A glance at the ecosystem pyramid reveals that the global electronics industry stands at US$3,200 billion, semiconductors at US$274 billion, equipment and materials at US$86 billion, and EDA at US$4.4 billion. EDA is at the heart of the electronics industry.

Subhash Bal, country director, Synopsys (India) EDA Software Pvt. Ltd, says that for low power imperatives, it is important to look at systemic factors. Energy usage and carbon emissions, especially, have been growing alarmingly, and will continue to do so for quite some time. This is largely due to uncontrolled consumption of devices and other electronic equipment. “We need to support energy usage without carbon emissions. In that respect, solar is a good solution,” he adds.

Computing is energy intensive by nature. Consider these stats — approximately 1 billion of the world’s PCs are switched on for nine hours per day, requiring 95,000MW. And of the US$250 billion spent globally each year powering computers, about 85 percent of that energy is wasted, while the computer stands idle.

Today, more devices and gadgets are being introduced, with more features and at lower prices. All of these devices demand a huge amount of battery power. Speed increases at the expense of energy consumption. Leakage has also become a major issue. There is therefore a growing need to solve power-related problems.

The Synopsys Sentaurus
Synopsys’ Sentaurus optimizes a device’s power. It also addresses photovoltaics. The Sentaurus process is an advanced 1D, 2D, and 3D process simulator for developing and optimizing silicon and compound semiconductor process technologies.

Created by combining features from Synopsys and former ISE TCAD products, together with a wide range of new features and capabilities, Sentaurus is a new-generation process simulator for addressing the challenges found in current and future process technologies. “The Sentaurus takes care of the processing part. It does modeling, 2D/3D simulation, etc. It can be applied to both semiconductors and solar,” says Bal.

Eclypse low-power solution
Synopsys’ goal is to deliver the most comprehensive solution, enabling designers to build the most advanced, low power chips and systems in the world. In the hope of achieving this, it has introduced the Eclypse low-power solution. Sharat D Kaul, sales and marketing manager, Synopsys India, highlights the fact that the Eclypse looks at the design side specifically.

The silicon-level concerns include factors such as more functionality, more computing power, limited power budget, design complexity, verification complexity, testing, reliability and schedule. System-level concerns include factors such as battery life, system cooling, reliability, packaging cost, operating cost, air conditioning cost, carbon footprint and green initiatives. Most design teams are both overwhelmed and under prepared.

The Eclypse low power solution is aimed at addressing such needs. It provides an alignment of technology, IP, methodology, services and industry standards — geared to meet the challenges of advanced low power designs.

Eclypse supports the industry-standard Unified Power Format (UPF) language, used to capture low power design requirements. It offers low power education programs, end-to-end UPF support, multi-voltage verification with assertions, automated clock tree synthesis, and automated power switch optimization.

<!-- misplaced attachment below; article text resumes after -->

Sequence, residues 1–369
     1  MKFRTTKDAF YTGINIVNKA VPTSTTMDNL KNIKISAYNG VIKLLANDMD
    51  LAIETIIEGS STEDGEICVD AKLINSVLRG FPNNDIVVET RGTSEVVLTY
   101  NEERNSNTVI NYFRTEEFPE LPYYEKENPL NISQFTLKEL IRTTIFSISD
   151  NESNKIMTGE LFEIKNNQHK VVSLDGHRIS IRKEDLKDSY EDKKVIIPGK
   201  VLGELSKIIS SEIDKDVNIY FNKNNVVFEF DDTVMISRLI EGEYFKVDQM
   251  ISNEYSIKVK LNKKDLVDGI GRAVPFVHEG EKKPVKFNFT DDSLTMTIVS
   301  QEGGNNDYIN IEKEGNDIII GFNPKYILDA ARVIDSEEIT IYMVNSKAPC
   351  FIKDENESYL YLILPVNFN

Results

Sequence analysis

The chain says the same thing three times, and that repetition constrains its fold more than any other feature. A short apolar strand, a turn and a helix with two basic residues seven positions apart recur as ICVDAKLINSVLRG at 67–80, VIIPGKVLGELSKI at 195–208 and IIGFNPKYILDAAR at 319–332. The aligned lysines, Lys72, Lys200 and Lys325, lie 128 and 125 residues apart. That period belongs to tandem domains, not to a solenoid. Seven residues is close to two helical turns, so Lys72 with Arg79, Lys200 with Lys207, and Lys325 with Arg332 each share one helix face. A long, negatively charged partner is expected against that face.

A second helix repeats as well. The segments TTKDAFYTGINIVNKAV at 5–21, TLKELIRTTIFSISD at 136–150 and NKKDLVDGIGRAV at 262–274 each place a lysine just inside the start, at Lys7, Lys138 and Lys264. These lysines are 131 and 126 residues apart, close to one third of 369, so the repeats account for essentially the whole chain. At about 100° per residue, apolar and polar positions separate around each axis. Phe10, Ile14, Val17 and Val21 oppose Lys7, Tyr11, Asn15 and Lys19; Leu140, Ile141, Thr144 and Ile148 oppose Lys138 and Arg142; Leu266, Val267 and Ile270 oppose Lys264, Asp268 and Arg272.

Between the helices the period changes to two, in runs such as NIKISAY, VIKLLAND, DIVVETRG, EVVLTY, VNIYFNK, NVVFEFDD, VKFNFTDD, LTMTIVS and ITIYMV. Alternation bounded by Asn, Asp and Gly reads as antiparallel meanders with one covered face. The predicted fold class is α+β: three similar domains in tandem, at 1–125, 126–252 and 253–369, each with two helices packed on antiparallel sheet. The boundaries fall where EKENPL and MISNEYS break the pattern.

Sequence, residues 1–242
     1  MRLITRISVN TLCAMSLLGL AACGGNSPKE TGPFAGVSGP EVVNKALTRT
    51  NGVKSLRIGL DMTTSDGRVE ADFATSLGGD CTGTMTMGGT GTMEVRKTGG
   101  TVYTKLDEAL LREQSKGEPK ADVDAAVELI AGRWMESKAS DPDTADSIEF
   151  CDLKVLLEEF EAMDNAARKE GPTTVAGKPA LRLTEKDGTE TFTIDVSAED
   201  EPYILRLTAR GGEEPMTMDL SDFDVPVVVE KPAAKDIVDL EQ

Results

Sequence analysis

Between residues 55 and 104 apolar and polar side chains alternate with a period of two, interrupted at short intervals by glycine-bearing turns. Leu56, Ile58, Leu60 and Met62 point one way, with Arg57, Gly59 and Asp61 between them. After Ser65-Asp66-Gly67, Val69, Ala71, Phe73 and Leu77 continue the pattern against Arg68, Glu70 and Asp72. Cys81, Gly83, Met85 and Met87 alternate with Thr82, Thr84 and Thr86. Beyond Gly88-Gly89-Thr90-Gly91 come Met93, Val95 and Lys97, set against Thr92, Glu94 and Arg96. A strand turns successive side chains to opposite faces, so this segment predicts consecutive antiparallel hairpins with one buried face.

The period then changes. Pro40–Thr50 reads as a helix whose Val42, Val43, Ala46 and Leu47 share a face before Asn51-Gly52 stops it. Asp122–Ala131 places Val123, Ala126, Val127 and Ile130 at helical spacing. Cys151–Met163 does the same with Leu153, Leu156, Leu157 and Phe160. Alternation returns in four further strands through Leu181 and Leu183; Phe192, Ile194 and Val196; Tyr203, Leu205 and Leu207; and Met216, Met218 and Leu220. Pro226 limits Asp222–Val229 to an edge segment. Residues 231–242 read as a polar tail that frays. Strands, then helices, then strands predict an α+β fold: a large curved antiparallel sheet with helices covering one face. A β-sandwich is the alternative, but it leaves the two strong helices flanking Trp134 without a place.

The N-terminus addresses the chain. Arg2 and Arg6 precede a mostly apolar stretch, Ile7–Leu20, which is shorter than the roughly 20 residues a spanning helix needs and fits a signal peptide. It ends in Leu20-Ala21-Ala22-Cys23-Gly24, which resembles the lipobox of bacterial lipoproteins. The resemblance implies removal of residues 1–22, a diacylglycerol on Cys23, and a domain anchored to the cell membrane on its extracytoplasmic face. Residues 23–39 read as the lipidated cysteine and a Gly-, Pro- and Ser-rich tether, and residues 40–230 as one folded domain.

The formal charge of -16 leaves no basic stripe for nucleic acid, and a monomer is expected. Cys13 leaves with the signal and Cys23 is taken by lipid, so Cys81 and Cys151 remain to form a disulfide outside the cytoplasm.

Has the Indian silicon wafer fab story gone astray?

June 23, 2008 Comments off

The recent news of the Hyderabad Fab City giants — SemIndia Fab Pvt Ltd and Nano-Tech Silicon India Pvt Ltd — being served notice by the local state government and to explain the reasons for their delay in setting up the Fab City in Shamshabad on the outskirts of Hyderabad, does not come as a surprise at all!

Setting up of a silicon wafer fab takes up a lot of time and money, and I am not sure how this bit is perceived by many. Also, the rate of return is not exactly immediate! Maybe, it is time for everyone to realize that semiconductor is a very different industry from any other, and there is a need to understand how it really functions! Besides, one needs to keep an eye on the global semiconductor industry and associate movements there with what kind of value would a fab in India bring to the world.

This May, I’d done a reality check on where the global semiconductor is placed. Several folks have contacted me since, pointing out my accuracy. While it is good to be spot on with the assessment of the global (and Indian) semiconductor industry, the assessments should serve as a warning for the global (and Indian) semiconductor industry — that it is not going to be an easy ride ahead!

On the same note, I had earlier questioned whether this was the right timing for setting up fabs in India. Perhaps, there is a need to examine whether we started on the fab path a bit too late! If we are found to be wrong or hasty in our assessment, let us feel no anguish in accepting that! This is not the first time such a thing will happen in the semiconductor industry, nor will it be the last. Having said that, if a wafer fab or two do start functioning in India later in 2009 or beyond, that would be exemplary!

Let us hope that the Indian silicon wafer fab story does not go astray for the overall benefit of the Indian semiconductor industry. There is a need on part of the Indian semicon planners to integrate clear vision with careful planning.

Yes, several solar fabs are coming up globally, and investments in solar/PV are rising as well in India, but that was along expected lines.

It was also pointed out earlier that investments in photovoltaics (PV) had somewhat eased the pressure on capital equipment makers and spend. In fact, 2007 is now well documented as the year when the PV industry emerged as a key opportunity for the subsystems suppliers and provided a timely boost in sales for those actively addressing this market.

Perhaps, here lies an opportunity for India, and I’m repeating this to the extent of sounding boring!

Further, even though it has been quite a while since the Indian semicon policy was announced, some feel that India should continue to focus on design services and embedded — its well known strengths, rather than go after something as mature as wafer fabs. We don’t have to ‘force ourselves to believe’ that we are good at product development? We are not!

Yes, like most things, it can change, but that would need great effort on part of all industry stakeholders. The question is: are we ready to bring about that change?